Reportedly first recommended by the Roman physician Galen, several cultures have employed horsetail as a folk remedy for kidney and bladder troubles, arthritis, bleeding ulcers, and tuberculosis. In addition, the topical use of horsetail was used traditionally to stop the bleeding of wounds and promote rapid healing. The use of this herb as an abrasive cleanser to scour pots or shave wood illustrates the origin of horsetail’s common names—scouring rush and shave grass.2

How It Works

Common names:
Bottlebrush Plant, Scouring Rush, Shave Grass
Botanical names:
Equisetum arvense

How It Works

Horsetail is rich in silicic acid and silicates, which provide approximately 2–3% elemental silicon. Potassium, aluminum, and manganese, along with fifteen different types of flavonoids, are also found in this herb. The presence of these flavonoids, as well as saponins, is believed to cause the diuretic effect, while the silicon content is thought to exert a connective tissue-strengthening and anti-arthritic action.11 Some experts have suggested the element silicon in horsetail is also a vital component for bone and cartilage formation.12 Anecdotal reports suggest that horsetail may be of some use in the treatment of brittle nails.13

How to Use It

The German Commission E monograph suggests up to 6 grams of the herb per day for internal use.14 A tincture can also be used at 2 teaspoons (10 ml) three times per day. A horsetail tea may be made by boiling 2–4 teaspoons of the herb in one cup (250 ml) of water for five minutes. Steep the tea for an additional 15 minutes, strain, and drink two or three times daily. The tea can also be used externally as well as internally.

Interactions

Common names:
Bottlebrush Plant, Scouring Rush, Shave Grass
Botanical names:
Equisetum arvense

Interactions with Supplements, Foods, & Other Compounds

The Canadian Health Protection Branch requires supplement manufacturers to document that their products do not contain the enzyme thiaminase, found in crude horsetail, which destroys the B vitamin thiamine. Since alcohol, temperature, and alkalinity neutralize this potentially harmful enzyme, tinctures, fluid extracts, or preparations of the herb subjected to 100°C temperatures during manufacturing are preferred for medicinal use.15

Interactions with Medicines

Certain medicines interact with this supplement.

Types of interactions: Beneficial Adverse Check

Replenish Depleted Nutrients

  • none

Reduce Side Effects

  • none

Support Medicine

  • none

Reduces Effectiveness

  • none

Potential Negative Interaction

Explanation Required

  • none

The Drug-Nutrient Interactions table may not include every possible interaction. Taking medicines with meals, on an empty stomach, or with alcohol may influence their effects. For details, refer to the manufacturers’ package information as these are not covered in this table. If you take medications, always discuss the potential risks and benefits of adding a supplement with your doctor or pharmacist.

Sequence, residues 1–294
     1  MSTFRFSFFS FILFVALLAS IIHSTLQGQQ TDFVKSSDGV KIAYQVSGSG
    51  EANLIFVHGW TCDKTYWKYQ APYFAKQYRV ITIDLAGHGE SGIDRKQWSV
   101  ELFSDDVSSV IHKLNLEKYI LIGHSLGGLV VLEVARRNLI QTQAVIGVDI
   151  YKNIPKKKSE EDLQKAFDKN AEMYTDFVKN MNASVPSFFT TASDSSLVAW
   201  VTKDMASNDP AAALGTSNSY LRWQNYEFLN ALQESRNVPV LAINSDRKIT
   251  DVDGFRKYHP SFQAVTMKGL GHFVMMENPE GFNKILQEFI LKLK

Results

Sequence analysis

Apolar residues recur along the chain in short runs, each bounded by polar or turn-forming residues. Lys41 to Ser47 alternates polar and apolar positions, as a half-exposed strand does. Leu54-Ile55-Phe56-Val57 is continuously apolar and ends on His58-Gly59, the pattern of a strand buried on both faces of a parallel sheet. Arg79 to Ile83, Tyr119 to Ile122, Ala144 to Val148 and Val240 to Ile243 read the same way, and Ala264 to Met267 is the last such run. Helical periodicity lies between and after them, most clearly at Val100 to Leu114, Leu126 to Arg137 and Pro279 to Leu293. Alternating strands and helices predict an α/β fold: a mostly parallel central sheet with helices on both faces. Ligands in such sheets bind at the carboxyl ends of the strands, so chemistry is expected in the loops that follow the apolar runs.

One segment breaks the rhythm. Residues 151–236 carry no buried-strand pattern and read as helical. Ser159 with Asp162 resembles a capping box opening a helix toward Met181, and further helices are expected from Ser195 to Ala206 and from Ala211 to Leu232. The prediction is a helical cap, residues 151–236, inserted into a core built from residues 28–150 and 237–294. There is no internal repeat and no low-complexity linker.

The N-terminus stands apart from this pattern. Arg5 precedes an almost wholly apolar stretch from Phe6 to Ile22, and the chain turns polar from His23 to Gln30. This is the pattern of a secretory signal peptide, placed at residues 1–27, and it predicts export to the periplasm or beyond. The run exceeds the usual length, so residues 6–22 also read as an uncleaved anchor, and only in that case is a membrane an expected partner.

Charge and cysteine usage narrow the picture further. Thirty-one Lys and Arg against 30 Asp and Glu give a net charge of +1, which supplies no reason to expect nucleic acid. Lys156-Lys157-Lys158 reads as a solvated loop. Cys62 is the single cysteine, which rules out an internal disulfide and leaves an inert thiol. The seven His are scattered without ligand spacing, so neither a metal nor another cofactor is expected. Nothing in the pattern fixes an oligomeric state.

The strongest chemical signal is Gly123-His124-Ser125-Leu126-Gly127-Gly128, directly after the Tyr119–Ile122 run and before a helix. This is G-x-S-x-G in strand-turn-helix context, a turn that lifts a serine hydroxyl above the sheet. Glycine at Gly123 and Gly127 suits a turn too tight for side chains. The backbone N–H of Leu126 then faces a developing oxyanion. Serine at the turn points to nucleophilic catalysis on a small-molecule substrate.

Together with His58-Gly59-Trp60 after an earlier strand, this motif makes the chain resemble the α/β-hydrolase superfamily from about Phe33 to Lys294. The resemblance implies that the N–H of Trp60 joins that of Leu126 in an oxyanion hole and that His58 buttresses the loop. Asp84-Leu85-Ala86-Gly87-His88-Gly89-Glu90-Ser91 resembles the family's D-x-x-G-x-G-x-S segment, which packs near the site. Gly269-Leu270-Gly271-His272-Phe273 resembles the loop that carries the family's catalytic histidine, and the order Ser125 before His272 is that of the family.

Side Effects

Common names:
Bottlebrush Plant, Scouring Rush, Shave Grass
Botanical names:
Equisetum arvense

Side Effects

Horsetail is generally considered safe. The only concern would be that the correct species of horsetail is used. Equisetum palustre is another species of horsetail, which contains toxic alkaloids and is a well-known livestock poison. Due to a lack of clear safety information, horsetail should be avoided during pregnancy and breast-feeding.

References

1. Leung AY, Foster S. Encyclopedia of Common Natural Ingredients Used in Foods, Drugs, and Cosmetics, 2nd ed. New York: John Wiley & Sons, 1996, 306–8.

2. Castleman M. The Healing Herbs. Emmaus, PA: Rodale Press, 1991, 219–21.

3. Hamon NW, Awang DVC. Horsetail. Canadian Pharm J 1992;Sep:399–401.

4. Tyler V. Herbs of Choice: The Therapeutic Use of Phytomedicinals. New York: Pharmaceutical Products Press, 1994, 76–7 [review].

5. Blumenthal M, Busse WR, Goldberg A, et al. (eds). The Complete German Commission E Monographs: Therapeutic Guide to Herbal Medicines. Austin: American Botanical Council and Boston: Integrative Medicine Communications, 1998, 428.

6. Blumenthal M, Busse WR, Goldberg A, et al. The Complete German Commission E Monographs. Therapeutic Guide to Herbal Medicines. Austin, Texas: American Botanical Council, 1998, 115–6.

7. Weiss R. Herbal Medicine. Gothenburg, Sweden: Ab Arcanum and Beaconsfield, UK: Beaconsfield Publishers Ltd, 1988, 342.

8. Blumenthal M, Busse WR, Goldberg A, et al. The Complete German Commission E Monographs. Therapeutic Guide to Herbal Medicines. Austin, Texas: American Botanical Council, 1998, 231.

9. Duke JA. CRC Handbook of Medicinal Herbs. Boca Raton, FL: CRC Press, 1985, 221.

10. Blumenthal M, Busse WR, Goldberg A, et al. The Complete German Commission E Monographs. Therapeutic Guide to Herbal Medicines. Austin, Texas: American Botanical Council, 1998, 150–1.

11. Weiss RF. Herbal Medicine. Gothenburg Sweden: Ab Arcanum, 1988, 238–9.

12. Seaborn CD, Nielsen FH. Silicon: a nutritional beneficence for bones, brains and blood vessels? Nutr Today 1993;28:13–8.

13. Hamon NW, Awang DVC. Horsetail. Canadian Pharm J 1992;September:399–401.

14. Blumenthal M, Busse WR, Goldberg A, et al. (eds). The Complete Commission E Monographs: Therapeutic Guide to Herbal Medicines. Boston, MA: Integrative Medicine Communications, 1998, 150–1.

15. Fabre B, Geay B, Beaufils P. Thiaminase activity in Equisetum arvense and its extracts. Plant Med Phytother 1993;26:190–7.

16. Brinker F. Herb Contraindications and Drug Interactions. Sandy, OR: Eclectic Institute, 1997, 102–3.